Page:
Have you played Walking Dead yet? You must. But you must also brace yourself. I’ve just played episode three of the developer’s staunchly faithful comic book adaptation and it is by far the most arresting, heart-wrenching video game experience I have had in a number of years.
The plot follows escaped convict Lee Everett as he joins up with a small group of bickering survivors amid a zombie apocalypse. Early on in the story he discovers a little girl named Clementine who he decides to protect, and from here his life is a series of nightmarish encounters with undead monsters and the uninfected who have essentially become monsters of a different sort in their savage determination to survive.
While there are simple puzzle elements and a few exploration sequences, this is really a game about decisions. As in a lot of action role-playing games, each conversation provides you with a multiple-choice response list, allowing you to react to other characters with kindness, anger or indifference. But… BUT… there are also these horrific set-piece sequences where two of your group are attacked at once and you have to make a choice – with a timer ticking down – about which to save. Then you get to see the other one being eaten to death – you know, just so you completely understand about finality.
The genius of Walking Dead is that its decision system does not work like similar systems in other games; there are no right or wrong choices, there are no good or evil ones. There are just stark instinctive dichotomies. Certainly, in Walking Dead, you do what you think is ‘right’ but then instead of judging you, the game shrugs and changes the story accordingly. Just like your characters, you are operating in a moral vortex to which civilised values cannot be ascribed. Life is survival for these people and when it comes down to it, survival over-rules morality.
There is a branch of economics known as behavioural decision theory, which tries to factor in the subjective nature of human choice to formalise the logic of the decision making process. Here, the maths would be wildly complex. Sometimes I make my decisions based on age (save the kid, the kids need to be protected), sometimes based on medical altruism (save the wounded guy, the others might be able to run to safety), sometimes I make rash decisions based on fallacy and stupidity (save the girl, she’s quite attractive). Freed from the tyranny of an overtly moral system, I sway about the place like a confused bully, smiting my fellow survivors for perceived slights or possible weaknesses, or going out of my way to do something merciful at the potential risk of death.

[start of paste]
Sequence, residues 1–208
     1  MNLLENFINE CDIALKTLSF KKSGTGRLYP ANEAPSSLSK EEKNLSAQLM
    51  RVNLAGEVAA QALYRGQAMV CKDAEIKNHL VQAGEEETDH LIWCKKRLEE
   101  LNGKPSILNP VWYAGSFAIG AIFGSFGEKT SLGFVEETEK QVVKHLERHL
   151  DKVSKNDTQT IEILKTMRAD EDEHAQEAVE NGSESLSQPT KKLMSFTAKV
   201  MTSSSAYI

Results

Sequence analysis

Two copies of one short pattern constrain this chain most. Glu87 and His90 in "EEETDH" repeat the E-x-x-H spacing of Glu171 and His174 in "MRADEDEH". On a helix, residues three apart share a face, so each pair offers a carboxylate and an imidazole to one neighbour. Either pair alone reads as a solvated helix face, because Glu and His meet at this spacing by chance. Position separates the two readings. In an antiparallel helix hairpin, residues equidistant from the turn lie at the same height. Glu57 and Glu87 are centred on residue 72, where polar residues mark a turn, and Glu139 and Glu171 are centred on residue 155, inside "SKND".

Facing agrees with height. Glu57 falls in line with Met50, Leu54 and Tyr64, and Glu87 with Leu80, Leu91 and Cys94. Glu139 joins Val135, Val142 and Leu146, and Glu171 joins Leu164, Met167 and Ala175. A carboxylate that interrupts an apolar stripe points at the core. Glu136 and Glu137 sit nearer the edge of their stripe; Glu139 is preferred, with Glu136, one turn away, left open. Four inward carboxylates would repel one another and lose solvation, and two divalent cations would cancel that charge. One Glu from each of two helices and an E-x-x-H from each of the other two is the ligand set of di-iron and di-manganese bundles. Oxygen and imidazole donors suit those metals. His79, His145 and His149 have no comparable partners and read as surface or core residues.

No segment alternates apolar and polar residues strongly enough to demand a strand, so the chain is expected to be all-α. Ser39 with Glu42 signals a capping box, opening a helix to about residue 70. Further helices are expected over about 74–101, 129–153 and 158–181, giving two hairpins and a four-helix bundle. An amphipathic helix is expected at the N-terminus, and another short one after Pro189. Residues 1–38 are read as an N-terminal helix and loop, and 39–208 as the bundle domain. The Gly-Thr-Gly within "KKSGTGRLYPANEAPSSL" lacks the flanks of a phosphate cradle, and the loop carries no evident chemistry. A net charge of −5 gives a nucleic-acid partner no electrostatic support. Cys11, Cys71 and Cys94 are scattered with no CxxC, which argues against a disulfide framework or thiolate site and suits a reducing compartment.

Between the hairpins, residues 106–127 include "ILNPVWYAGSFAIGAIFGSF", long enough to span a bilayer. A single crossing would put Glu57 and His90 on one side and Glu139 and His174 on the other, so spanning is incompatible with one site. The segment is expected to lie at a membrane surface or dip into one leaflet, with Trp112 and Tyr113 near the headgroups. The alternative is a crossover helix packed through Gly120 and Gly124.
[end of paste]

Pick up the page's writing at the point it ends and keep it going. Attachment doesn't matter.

Choice, I have discovered, is terrifying. It’s not the zombies, it’s not even the cannibals. It’s the knowledge that at any moment in this game, I am going to have to do or say something culminative and potentially catastrophic. I know it won’t be game over, but I will have shoved the story down a branch that defines me as a gamer and a character, every thing I do is judged by the person who’s in the worst possible position to do it: me.
And there’s an extra layer. In most games involving story-splitting choices, you’re thinking ‘okay, what do the game designers want me to do?’. We’re very rarely trusted to actually decide on stuff that isn’t a digital proposition, that isn’t right way/wrong way. But we’re still conditioned to think in terms of entertainment systems so when confronted with a highly narrativised adventure that doesn’t judge, we revert to linear forms; I think we become cinematic.
In Heavy Rain for example, I became obsessed with the limited scope of each scene and the mannered, subjective nature of the camera work. I would often self-consciously ‘act’ while making decisions for characters, wondering around a room, leaning on a desk, then wandering off again – I felt like an actor and behaved as such.
But in Walking Dead, it’s slightly different. Now, when I fumble for some sort of logical basis for decisions, I think, ‘what would Lee do?’ I have constructed this fictional personality in my own head, and I often do things in the game that comply with this image. In short, I’ve created my own ruleset and it is about maintaining the veracity of the character. I am writing the story as I go along.
And that is weird, it’s scary. In Walking Dead we have a game that is at once highly structured and formulaic (it is really a hoary old point-and-click adventure) but also nihilistic and chaotic – we have a game in which the structure communicates the narrative as much as the plot does. And ultimately, we have a game that understands something intrinsic to human decisions – often, we don’t do things because we think they’re right, or even because they’re wrong; we do them based on unconscious rule sets, on prejudices and fears, on unspoken needs and on bargains with fate.
Choice is terrifying. We spend a lot of our lives unconsciously trying to narrow down our possibilities. And a game that tells us that survival is full of choices, and that they won’t be pleasant, and that no one will pat us on the back and say ‘well done, you saved the president’… that is fear incarnate.
Horror is not about knowing you have to be strong and brave to make the right decision; horror is about finally understanding that there is no such thing.